In this final week of 2009, this blogpost will be bestowing my awards, alas without honoraria, to the year’s outstanding Catholic layperson, outstanding Catholic legislator and outstanding Catholic government executive. Our friend, blogger extraordinaire Rocco Palmo, always chooses a churchman of the year, so we leave the clergy to his adjudication.
The easiest of the three to choose was the outstanding Catholic layperson: Judge John T. Noonan, who came to the rescue after Ambassador Mary Ann Glendon declined the Laetare Medal, awarded annually by the University of Notre Dame at their commencement exercises. Noonan had previously been a recipient of the prestigious award in 1984 and he stepped forward again to deliver the Laetare speech, sharing the stage with President Obama and trying to turn what had become an awkward moment into something more and something better. In the event, he delivered one of the most memorable speeches of any commencement, one that should rank with Secretary of State George Marshall’s commencement address at Harvard in 1947, not in terms of their immediate political significance but in terms of the way both men used the moment to raise the intellectual climate of the nation.
The speech was elegant. His disquisition on the relationship of two great Americans, Frederick Douglas and Abraham Lincoln, set the stage for one of the most concise, yet thoughtful, expositions of the rights and demands of conscience yet spoken in the English language: "By conscience, as you graduates of 2009 know, we apprehend what God asks of us and what the love of our neighbor requires. More than the voice of your mother, more than an emotional impulse, this mysterious, impalpable, imprescriptible, indestructible, and indispensable guide governs our moral life. Each one is different. You may suggest what my conscience should say, but you cannot tell me what my conscience must say. That's the rub when your moral vision is clear and the other fellow's is cloudy. You become impatient, the more frustrated if the other fellow is a friend - an old friend or a potential friend. Why can't he or she see it? To satisfy that frustration by shunning or denouncing your unseeing companion will accomplish little beyond expressing your own exasperation."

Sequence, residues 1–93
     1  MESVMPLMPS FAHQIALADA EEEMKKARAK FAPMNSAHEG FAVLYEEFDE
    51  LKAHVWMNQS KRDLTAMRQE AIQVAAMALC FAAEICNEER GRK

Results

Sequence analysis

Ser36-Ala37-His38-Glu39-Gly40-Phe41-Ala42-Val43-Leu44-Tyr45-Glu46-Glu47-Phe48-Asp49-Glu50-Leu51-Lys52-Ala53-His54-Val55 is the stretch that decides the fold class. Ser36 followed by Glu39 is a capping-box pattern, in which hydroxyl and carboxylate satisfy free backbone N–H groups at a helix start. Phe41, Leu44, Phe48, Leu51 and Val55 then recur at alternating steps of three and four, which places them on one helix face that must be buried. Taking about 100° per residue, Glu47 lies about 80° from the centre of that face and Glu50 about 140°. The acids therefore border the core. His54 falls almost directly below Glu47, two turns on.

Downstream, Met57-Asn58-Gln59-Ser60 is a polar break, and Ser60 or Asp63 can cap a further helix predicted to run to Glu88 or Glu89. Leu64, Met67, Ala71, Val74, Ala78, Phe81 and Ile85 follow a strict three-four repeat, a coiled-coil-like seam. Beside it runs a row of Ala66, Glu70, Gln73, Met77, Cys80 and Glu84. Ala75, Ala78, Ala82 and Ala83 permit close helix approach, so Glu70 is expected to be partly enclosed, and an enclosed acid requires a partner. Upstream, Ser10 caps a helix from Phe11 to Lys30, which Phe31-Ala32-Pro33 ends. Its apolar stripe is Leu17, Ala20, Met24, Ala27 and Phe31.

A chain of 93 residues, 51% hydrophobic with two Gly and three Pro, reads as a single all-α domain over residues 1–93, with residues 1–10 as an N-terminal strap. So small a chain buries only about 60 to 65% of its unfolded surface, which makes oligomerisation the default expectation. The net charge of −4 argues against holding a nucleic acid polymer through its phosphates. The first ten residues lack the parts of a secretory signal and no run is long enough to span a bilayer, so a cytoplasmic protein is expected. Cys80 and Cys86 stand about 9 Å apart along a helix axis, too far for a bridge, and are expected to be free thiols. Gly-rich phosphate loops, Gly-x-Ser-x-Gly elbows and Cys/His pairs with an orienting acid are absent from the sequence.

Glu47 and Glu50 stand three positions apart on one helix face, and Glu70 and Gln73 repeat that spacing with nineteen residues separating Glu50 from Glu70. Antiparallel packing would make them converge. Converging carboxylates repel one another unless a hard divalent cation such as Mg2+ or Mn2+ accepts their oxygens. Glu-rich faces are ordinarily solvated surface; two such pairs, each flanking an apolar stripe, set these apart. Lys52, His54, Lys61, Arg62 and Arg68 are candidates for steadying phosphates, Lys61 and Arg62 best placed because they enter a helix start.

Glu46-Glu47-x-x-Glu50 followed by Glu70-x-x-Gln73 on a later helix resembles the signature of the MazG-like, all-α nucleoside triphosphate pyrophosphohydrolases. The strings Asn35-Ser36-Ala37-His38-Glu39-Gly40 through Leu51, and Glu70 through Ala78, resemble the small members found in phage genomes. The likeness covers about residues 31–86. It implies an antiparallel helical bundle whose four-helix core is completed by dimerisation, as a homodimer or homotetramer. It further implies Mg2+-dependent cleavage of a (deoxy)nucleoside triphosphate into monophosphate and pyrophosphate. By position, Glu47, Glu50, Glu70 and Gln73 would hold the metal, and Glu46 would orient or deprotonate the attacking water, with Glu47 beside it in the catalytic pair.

Judge Noonan went on to address Mrs. Glendon’s absence not only with a similar elegance of speech but with a generosity of spirit that I confess I could not muster. He said, "One friend is not here today, whose absence I regret. By a lonely, courageous, and conscientious choice she declined the honor she deserved. I respect her decision. At the same time, I am here to confirm that all consciences are not the same; that we can recognize great goodness in our nation's president without defending all of his multitudinous decisions; and that we can rejoice on this wholly happy occasion." Yes, yes, the syntax is stunningly beautiful but it is the moral precision that excites, a moral precision that was so utterly lacking in so much of the denunciations of Notre Dame’s decision to award an honorary degree to President Obama.
What better send off to students than such an example of intellectual and moral fullness. Noonan’s speech left me speechless. He hit every note right. He took an awkward moment and not only explained it but elevated it, showing how awkwardness is sometimes an invitation to appreciate moral complexity and to affirm human dignity. It was the finest speech I have heard in my lifetime. Amidst all the many fine contributions by Catholic laymen and women to the life of the nation and the life of the Church, this was the finest.